Our teen driving school was built from the ground up to provide new drivers with the knowledge, skill, and experience they’ll need to safely navigate the ever-growing traffic out there.
This includes teaching the rules of the road and emphasizing the need to obey traffic laws. We cover the mechanical aspects of controlling a vehicle in motion and how to be cautious of potential dangers on the road.
So far, so good – and so basic. These are the foundational elements of a drivers ed course that will cover the things every teen needs to pass their driver’s test and acquire their license.
Here, we go further than that. We go beyond the basics to ensure that when your teen is ready to drive, they will be able to contribute to a safer environment for everyone.
So, let’s take a look at some of the other elements we teach to make a great driver.
Dealing with Distractions on the Road
Distracted driving – whether it’s teens or adults – is one of the biggest threats on the road. It can be more problematic for teens, though, since they have less experience behind the wheel. (Though obviously we’re not condoning any kind of distracted driving for anyone at any age.)
The AAA Foundation for Traffic Safety did some research on this subject and found that the most common distractions included:
- Interacting with passengers
- Using cell phones
- Looking at something else inside the car
- Staring at something outside the car
- Singing and “getting into” the music
- Personal grooming
- Reaching for something in the car
These all seem like simple, harmless things, but they can all lead to traffic collisions. Our program focuses on teens understand the seriousness of the situation.
Dealing with Extreme Road Conditions
U-turns, three-point turnabouts, parallel parking, and a wide range of other maneuvers can be taught and learned quick efficiently – but learning how to safely complete those maneuvers in unexpected weather conditions is something else entirely.
We focus on sharpening your teen’s driving skills to a high enough level that they can safely deal with rain, snow, fog, ice, wind, and even low light conditions.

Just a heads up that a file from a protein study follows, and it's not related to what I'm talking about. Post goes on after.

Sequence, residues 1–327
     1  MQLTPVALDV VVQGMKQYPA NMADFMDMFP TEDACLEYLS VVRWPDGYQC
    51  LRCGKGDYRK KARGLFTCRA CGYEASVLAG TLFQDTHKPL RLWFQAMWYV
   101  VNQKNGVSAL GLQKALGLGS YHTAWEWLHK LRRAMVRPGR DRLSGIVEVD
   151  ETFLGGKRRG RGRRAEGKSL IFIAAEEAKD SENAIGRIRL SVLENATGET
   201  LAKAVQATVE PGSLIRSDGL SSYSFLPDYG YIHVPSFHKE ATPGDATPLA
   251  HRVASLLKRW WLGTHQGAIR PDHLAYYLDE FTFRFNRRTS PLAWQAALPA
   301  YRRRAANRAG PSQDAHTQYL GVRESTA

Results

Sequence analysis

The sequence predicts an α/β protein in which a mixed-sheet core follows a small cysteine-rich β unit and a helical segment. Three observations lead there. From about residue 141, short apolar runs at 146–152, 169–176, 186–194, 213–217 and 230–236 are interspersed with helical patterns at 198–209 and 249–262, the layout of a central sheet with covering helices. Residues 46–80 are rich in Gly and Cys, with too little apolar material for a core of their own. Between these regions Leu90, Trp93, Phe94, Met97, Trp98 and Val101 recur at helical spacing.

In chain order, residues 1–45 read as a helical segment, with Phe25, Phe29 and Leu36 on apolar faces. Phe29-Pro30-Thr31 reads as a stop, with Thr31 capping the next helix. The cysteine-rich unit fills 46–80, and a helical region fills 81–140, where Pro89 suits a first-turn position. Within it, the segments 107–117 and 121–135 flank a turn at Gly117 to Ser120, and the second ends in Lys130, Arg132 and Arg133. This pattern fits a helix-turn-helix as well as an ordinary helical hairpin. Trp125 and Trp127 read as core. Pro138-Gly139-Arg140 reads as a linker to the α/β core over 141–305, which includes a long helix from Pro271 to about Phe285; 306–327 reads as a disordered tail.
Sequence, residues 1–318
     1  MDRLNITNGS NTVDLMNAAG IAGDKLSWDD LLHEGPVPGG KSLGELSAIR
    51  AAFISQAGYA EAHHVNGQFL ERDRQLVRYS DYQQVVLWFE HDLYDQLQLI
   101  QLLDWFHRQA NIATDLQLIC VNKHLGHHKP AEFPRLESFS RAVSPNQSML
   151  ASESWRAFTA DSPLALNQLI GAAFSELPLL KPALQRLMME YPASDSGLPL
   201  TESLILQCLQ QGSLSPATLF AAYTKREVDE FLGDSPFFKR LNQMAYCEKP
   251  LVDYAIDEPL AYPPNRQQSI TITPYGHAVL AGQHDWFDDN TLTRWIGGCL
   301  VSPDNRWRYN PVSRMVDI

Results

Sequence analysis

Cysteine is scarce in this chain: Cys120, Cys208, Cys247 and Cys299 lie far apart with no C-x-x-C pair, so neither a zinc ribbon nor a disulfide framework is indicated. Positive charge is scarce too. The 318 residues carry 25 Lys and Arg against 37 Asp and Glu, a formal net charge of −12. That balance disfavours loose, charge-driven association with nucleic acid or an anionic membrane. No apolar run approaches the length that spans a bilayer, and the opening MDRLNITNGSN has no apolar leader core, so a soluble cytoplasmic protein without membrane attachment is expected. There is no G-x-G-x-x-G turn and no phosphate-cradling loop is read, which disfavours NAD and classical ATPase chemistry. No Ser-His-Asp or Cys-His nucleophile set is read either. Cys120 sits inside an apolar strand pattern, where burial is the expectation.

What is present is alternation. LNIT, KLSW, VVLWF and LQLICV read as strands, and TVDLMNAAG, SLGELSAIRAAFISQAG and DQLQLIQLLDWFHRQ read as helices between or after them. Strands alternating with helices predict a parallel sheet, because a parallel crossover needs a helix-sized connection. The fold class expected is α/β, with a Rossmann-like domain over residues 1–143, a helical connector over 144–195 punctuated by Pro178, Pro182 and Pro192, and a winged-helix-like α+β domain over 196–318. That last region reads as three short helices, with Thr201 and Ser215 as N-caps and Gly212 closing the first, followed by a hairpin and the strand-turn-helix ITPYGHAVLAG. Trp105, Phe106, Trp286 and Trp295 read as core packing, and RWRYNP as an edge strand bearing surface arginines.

Dealing with Traffic
It often seems like you’re the only one out on the road who actually knows how to driver properly. We understand that feeling, but we teach our young drivers to be tolerant of others and find safe ways to handle other drivers who are all too aggressive, oblivious, or unsafe.
Our teen driver’s ed courses make sure our drivers understand how things like bad weather creates tense situations, which always bring out the worst in others.
(This is an area where you, as a parent, can help by modeling the best behaviors.)
We show teens effective ways to deal with other drivers, read the traffic flows, make safe choices by not assuming anything about others drivers and what they can see/will do.
We also help teen drivers understand that if they feel uncomfortable because of the current driving conditions it’s okay to slow down or even pull over until they feel better. We teach that there’s no reason to feel like they have to go faster if someone is tailgating, or pass someone who is going the speed limit, or engage in any unsafe behavior just to make a point.
Building Your Confidence
Confidence is critical for safe driving. We want to help your teens feel safe and secure behind the wheel so they’ll be able to make good decisions in the moment when something unexpected happens.
We don’t want anyone clenching up, holding their breath, or being indecisive when something occurs on the road. We want your teens to be confident in their knowledge and skills any time they’re behind the wheel.
Cutting out the Road Rage
Like it or not, road rage can happen to the best of us. At some point, there is simply going to be something that makes you angry while you’re driving.
Teens can have an even harder time dealing with these sudden surges of anger, so we want to make sure they can fall back on some important guidelines.
- Never do anything that would force someone else to change their speed or direction on the road.
- Don’t attribute anything to malice that could be explained by ignorance. In other words: whatever they did probably wasn’t personal
- Be aware of your mood and make sure you’re not projecting a bad day onto someone’s bad driving.
- Never escalate the situation.
- Be the generous driver.
And if someone else has failed to follow these guidelines and is raging at you, then we teach how to stay as safe as possible despite the anger of others.
Start Your Teens with More than the Basics
Getting a driver’s license is a huge step in your teen’s life. However, while they’re going to be excited to get out and enjoy their new independence, it’s important to make sure they understand more than the basic driving skills.
Before they get on the road, let’s teach them how to go beyond the basics and make every trip safer.